»Do you crave more variety at breakfast? Is it time we looked beyond cereal and toast, and broke the back of that powerful boiled and scrambled heggemony? Which country has breakfast nailed? And what’s the strangest thing that you’ve ever eaten first thing?»

Word of mouth, The Guardian, Tony Naylor


«Driving Innovation with Social Insights»

«With the ongoing expansion of social media most businesses, and particularly their Marketing teams, remain focused on the broadcast power these channels provide. However, this one-dimensional view of social on covers a fraction of the value that can be delivered on an ongoing basis to brands.

»Mining the attitudes, behaviors, trends and perspectives deep within the billions upon billions of daily social discussions provides unprecedented insight into an organization’s consumers, champions, critics and competitors.

»With the continuous discussion and debate surrounding “listening” to social media discussions, many companies realize the wealth of unbiased, immediate, actionable insight social intelligence can provide to answer valuable, complex questions like:

»Why do shoppers buy my product?

»What advantages do consumers see in my competitors?

»Do unmet consumer needs exist that I can address?

»What are the specific demand moments for my brand?

»To answer these sorts of highly specific, complex questions with actionable intelligence, companies are using a combination of streaming big data supercomputing and advanced concept model in place of traditional keyword lists.

»Universal Visibility

»First, many marketing organizations see the “social universe” as focused on Facebook and Twitter and perhaps YouTube, Pinterest or another network of two. Given the limitations of social monitoring tools, Marketers are often forced to select narrow views of the social universe.

»It’s understandable why many marketers limit their social focus to one or two networks, after all, managing and tracking millions of channels becomes a daunting, if not impossible, but it’s by no means ideal or acceptable.

»The biggest sources (the mainstream social networks) are often not the best when it comes to consumer insights. Often, shoppers, consumers, influencers and evangelists of your brands are interacting in specialized or focused communities, blogs or channels. To find them, means you have to expand the scope of your view holistically to the entire social universe relevant to your brand.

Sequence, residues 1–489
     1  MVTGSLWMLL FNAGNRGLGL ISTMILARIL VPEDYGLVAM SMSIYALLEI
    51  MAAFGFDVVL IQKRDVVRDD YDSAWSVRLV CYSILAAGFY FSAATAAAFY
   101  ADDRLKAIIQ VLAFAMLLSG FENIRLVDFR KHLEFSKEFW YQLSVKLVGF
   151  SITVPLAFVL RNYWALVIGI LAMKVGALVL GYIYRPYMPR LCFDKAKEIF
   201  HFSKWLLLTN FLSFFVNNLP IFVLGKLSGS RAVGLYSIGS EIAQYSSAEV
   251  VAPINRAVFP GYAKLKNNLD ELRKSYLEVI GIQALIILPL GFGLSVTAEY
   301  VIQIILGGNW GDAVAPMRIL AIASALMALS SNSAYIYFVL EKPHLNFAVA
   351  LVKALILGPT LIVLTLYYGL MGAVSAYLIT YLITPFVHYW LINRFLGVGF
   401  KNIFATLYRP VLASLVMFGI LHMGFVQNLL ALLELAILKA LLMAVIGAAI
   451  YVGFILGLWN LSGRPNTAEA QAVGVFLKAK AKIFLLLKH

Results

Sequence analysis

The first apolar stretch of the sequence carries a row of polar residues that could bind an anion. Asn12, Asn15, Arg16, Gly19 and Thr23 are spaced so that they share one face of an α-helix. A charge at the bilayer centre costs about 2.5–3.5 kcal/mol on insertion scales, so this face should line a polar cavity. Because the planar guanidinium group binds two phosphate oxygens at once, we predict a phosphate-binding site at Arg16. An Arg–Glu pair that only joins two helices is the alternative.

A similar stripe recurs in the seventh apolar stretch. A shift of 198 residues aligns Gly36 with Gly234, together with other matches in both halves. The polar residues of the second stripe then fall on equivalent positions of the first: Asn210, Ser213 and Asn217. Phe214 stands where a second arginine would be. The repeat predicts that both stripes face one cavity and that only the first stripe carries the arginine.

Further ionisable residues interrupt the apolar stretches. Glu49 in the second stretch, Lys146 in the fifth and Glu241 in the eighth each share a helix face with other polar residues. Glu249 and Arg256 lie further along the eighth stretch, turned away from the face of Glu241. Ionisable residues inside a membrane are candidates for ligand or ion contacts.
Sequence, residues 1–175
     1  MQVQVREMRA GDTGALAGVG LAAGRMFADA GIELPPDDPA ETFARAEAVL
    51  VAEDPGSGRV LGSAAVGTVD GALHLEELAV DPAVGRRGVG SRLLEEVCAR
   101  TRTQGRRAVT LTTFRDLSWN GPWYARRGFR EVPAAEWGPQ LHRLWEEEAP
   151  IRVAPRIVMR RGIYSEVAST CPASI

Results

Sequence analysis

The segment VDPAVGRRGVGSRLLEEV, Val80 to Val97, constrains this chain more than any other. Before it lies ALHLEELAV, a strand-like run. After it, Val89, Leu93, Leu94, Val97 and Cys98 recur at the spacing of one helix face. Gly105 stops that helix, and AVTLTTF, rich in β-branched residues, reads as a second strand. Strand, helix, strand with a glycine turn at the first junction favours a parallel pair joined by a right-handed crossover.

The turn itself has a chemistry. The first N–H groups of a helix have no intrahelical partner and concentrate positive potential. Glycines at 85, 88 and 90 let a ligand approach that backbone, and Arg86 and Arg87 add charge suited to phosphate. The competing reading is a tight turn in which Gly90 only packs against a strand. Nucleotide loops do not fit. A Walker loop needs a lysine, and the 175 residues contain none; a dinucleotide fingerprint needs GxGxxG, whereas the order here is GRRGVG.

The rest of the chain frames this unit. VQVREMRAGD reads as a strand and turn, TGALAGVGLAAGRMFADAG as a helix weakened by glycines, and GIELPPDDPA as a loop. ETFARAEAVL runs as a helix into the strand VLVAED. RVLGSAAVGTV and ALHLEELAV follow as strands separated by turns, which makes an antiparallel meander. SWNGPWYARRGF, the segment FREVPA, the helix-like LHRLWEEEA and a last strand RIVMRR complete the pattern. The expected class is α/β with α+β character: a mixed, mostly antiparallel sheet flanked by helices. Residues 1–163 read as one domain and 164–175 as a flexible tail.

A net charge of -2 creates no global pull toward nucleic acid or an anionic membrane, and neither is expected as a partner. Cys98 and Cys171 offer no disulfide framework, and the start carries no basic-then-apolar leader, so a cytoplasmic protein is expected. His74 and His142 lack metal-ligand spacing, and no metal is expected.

»A Big Data Challenge

»Most organizations, if they’re “listening” to social conversations at all, are doing so at a cursory level, using basic keyword tools to monitor a sample of the social universe. Given that different segments of consumers congregate on different social sources, these snapshot views only deliver a limited, and often deceptive, view of the population. On top this, individuals do not speak in keywords and typically use a social lexicon that is continuously shifting and evolving.

»Keywords will find exact, limited mentions, but will miss the vast majority of conceptual posts which can vary infinite ways and never mentioning a defined keyword, brand or product. A major challenge of social media keywords is keeping up with the ever-changing lexicon of discussions, which in and of itself makes keywords an obsolete approach.

»The best that can be typically hoped for with keyword tools is basic, high-level “buzz” (or sentiment) on their product or brand, which is vague, inactionable and often inaccurate.

»As the open social universe continues to exponentially expand, social commentary has evolved into big data – billions of daily posts from hundreds of millions of individuals across millions of sources. It’s ugly, unstructured data, but provides deep ethnographic insight from what essentially is the ultimate unbiased focus group.

»To extract these insights Marketers need to unleash big data super processing that can handle the volume, velocity and variety of social data in real-time. Companies already using advanced big data social intelligence solutions have an incredible advantage over their competitors gaining the ability understanding their consumers, shoppers, influencers and competitors better than ever before.

»A Widespread Impact

»Brands embracing advanced social intelligence find a wide array of valuable applications for this insight to set strategy, guide decisions and drive innovation, including understanding of:

»• Consumer Personas: Understanding of consumer behaviors, decisions, attitudes, interests and activities to construct personas for enhanced reach.

»• Path-to-Purchase: Analysis of the decision influences for specific products, including factors, milestones and trends.